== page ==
Thread: case statement wrong?

  1. #1
    Registered User
    Join Date
    Mar 2003

    Question case statement wrong?

    I guess Dev-cpp/g++ doesn't like my case statement. Any ideas?

    Thanks ahead of time.

    #include <iostream>
    #include <cstdlib>
    #include <fstream>
    using namespace std;
    class Hanzi
    { public:
        Hanzi() { };
        Hanzi(const Hanzi &) { };
        ~Hanzi() { };
        int GetRadCat() { return itsRadCat; };
        void SetRadCat(int rc) { itsRadCat = rc - 1; }; //1 subtracted for use in array
        void SetRad(int rc) { };
        void GetRad(int rc) { };
        void SetROS(int theRest) { ros = theRest; }; // ros is rest of strokes
        void DisplayRads(int r);                    // r is radical category
        void DisplayRads(int radcat, int roStr);
        int itsRadCat,
            nrs,            // number of radical strokes
            radChoice,      // which radical you choose
            ros;            // "rest of strokes"...number of strokes in the rest of the char 
    void Hanzi::DisplayRads(int r)
      { case 12: ifstream infile("rad12.txt"); break;
        case 11: ifstream infile("rad11.txt"); break;
        case 10: ifstream infile("rad10.txt"); break;
        case  9: ifstream infile("rad9.txt"); break;
        case  8: ifstream infile("rad8.txt"); break;
        case  7: ifstream infile("rad7.txt"); break;
        case  6: ifstream infile("rad6.txt"); break;
        case  5: ifstream infile("rad5.txt"); break;
        case  4: ifstream infile("rad4.txt"); break;
        case  3: ifstream infile("rad3.txt"); break;
        case  2: ifstream infile("rad2.txt"); break;
        case  1: ifstream infile("rad1.txt"); break;
        default: cout << "Invalid choice!" ; break;  
      char arry[120]; 
      for(int a=0; a<120; a++)
      { infile.getline(arry[a], 120, '\n');
      for(int b=0; b<120; b++)
      { cout << "\t[" << b+1 << "] " << arry[b] << endl;
    int main()
    { Hanzi thisHanzi;
      cout << "How many strokes are there in the radical? ";
      cin >> nrs;
      cout << "The radical category is " << thisHanzi.GetRadCat() << "\n";
      cout << "Here are the radicals in radical category " 
           << thisHanzi.GetRadCat() << ". 1 subtracted for use with array.\n";
      cout << "Which of these is the radical you need?\n";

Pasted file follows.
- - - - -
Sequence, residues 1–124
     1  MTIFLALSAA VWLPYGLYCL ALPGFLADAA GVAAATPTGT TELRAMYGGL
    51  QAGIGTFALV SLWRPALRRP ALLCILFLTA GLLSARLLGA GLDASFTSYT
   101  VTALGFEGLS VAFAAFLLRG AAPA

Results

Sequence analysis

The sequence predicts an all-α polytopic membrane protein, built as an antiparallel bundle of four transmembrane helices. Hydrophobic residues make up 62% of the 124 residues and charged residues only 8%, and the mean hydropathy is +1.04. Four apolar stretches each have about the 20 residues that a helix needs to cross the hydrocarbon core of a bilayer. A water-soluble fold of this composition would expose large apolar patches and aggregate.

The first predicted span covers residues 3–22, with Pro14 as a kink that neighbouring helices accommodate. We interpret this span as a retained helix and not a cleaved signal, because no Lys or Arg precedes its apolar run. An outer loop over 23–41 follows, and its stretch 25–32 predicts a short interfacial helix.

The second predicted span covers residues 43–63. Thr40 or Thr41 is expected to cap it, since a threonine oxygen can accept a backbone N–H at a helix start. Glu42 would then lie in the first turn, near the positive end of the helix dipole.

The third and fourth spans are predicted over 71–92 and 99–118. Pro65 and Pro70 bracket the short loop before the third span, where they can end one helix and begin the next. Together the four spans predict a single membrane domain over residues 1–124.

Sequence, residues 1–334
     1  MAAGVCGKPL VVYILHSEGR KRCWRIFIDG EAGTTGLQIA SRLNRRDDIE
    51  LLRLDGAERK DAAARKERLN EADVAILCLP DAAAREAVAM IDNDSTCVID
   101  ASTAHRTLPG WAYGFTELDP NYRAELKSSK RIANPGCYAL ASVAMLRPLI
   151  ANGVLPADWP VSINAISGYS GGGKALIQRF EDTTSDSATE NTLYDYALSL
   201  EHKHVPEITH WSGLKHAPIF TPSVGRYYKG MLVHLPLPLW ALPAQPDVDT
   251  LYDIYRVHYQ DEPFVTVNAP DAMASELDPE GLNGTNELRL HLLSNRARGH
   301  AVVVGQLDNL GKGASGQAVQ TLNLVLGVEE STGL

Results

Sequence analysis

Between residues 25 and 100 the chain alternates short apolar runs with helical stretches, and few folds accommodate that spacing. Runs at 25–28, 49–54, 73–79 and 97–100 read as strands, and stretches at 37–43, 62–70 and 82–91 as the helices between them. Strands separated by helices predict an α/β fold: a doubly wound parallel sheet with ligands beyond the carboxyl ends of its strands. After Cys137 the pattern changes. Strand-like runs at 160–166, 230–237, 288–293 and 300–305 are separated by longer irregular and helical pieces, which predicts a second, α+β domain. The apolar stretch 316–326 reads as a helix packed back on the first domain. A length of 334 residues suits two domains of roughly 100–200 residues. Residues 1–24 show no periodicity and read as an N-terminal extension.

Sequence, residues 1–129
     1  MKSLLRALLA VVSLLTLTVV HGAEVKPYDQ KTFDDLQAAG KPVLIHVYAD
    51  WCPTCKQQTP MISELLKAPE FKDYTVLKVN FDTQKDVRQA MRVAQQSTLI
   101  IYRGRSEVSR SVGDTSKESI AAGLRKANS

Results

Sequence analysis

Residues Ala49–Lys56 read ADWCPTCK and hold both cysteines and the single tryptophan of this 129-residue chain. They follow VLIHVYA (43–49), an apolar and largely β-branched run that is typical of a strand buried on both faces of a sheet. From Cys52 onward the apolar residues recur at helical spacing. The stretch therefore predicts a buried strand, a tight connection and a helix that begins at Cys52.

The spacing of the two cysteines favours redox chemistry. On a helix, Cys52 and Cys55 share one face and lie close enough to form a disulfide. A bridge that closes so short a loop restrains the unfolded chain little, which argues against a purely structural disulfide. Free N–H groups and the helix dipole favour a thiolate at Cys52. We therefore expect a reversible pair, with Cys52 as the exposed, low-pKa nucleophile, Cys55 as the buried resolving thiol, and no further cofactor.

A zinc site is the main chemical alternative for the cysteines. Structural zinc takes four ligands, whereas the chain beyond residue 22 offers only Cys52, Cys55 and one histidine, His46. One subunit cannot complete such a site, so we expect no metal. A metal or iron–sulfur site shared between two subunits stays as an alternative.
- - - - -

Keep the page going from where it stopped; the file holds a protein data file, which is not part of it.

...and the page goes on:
cin >> radChoice;
      //cout << "You chose this radical: " << thisHanzi.GetRad(radChoice);
      cout << "How many strokes are there in the rest of the character? ";
      int theRest;
      cin >> theRest;
      cout << "Here are the characters with that radical and that number of strokes remaining: \n";
      //thisHanzi.DisplayRads(radChoice, ros);

    Compiler: Default compiler
    Executing g++.exe...
    g++.exe "D:\HanziClass.cpp" -o "D:\HanziClass.exe" -I"C:\DEVC\include" -I"C:\DEVC\include" -L"C:\DEVC\lib"

    D:\HanziClass.cpp: In method `void Hanzi::DisplayRads(int)':
    D:\HanziClass.cpp:30: case label `11' within scope of cleanup or variable array
    D:\HanziClass.cpp:29: warning: destructor needed for `class ifstream infile'
    D:\HanziClass.cpp:30: warning: where case label appears here

    Read something in one of my C++ books about not using a floating point somethin or other in a case statement. Can anyone clarify that for me?



  2. #2
    End Of Line Hammer's Avatar
    Join Date
    Apr 2002
    Does the switch have a closing } ?
    When all else fails, read the instructions.
    If you're posting code, use code tags: [code] /* insert code here */ [/code]

  3. #3
    Disturbed Boy gustavosserra's Avatar
    Join Date
    Apr 2003
    You must use {} when declaring things inside case:

       case 1: { int number; }
    Nothing more to tell about me...
    Happy day =)

  4. #4
    Just because ygfperson's Avatar
    Join Date
    Jan 2002
    The compiler treats labels in switch case statements like goto labels. Declaring variables in switch() statements will generally mess everything up. You can surround these variables with brackets {} to make them go out of scope before the next label is hit.

    However, for your case, your variable needs to last longer than the switch statement will allow it. Declare it right before the switch statement, and use the open("file") function to open the file.

    void Hanzi::DisplayRads(int r)
      ifstream infile;
      { case 12:"rad12.txt"); break;
        case 11:"rad11.txt"); break;
        case 10:"rad10.txt"); break;
        case  9:"rad9.txt"); break;
        case  8:"rad8.txt"); break;
        case  7:"rad7.txt"); break;
        case  6:"rad6.txt"); break;
        case  5:"rad5.txt"); break;
        case  4:"rad4.txt"); break;
        case  3:"rad3.txt"); break;
        case  2:"rad2.txt"); break;
        case  1:"rad1.txt"); break;
        default: cout << "Invalid choice!" ; break;  
      char arry[120]; 
    // and so on...

  5. #5
    End Of Line Hammer's Avatar
    Join Date
    Apr 2002
    But then the whole switch is a bit of an overhead. Maybe something like this would simplify the function.
      #include <iostream>
      #include <sstream>
      ostringstream Name;
      int i = 11;
      Name <<"rad" <<i <<".txt" <<flush;
      std::cout <<"Name is " <<Name.str() <<std::endl;
    // Output:
    Name is rad11.txt
    (just a thought!)
    When all else fails, read the instructions.
    If you're posting code, use code tags: [code] /* insert code here */ [/code]

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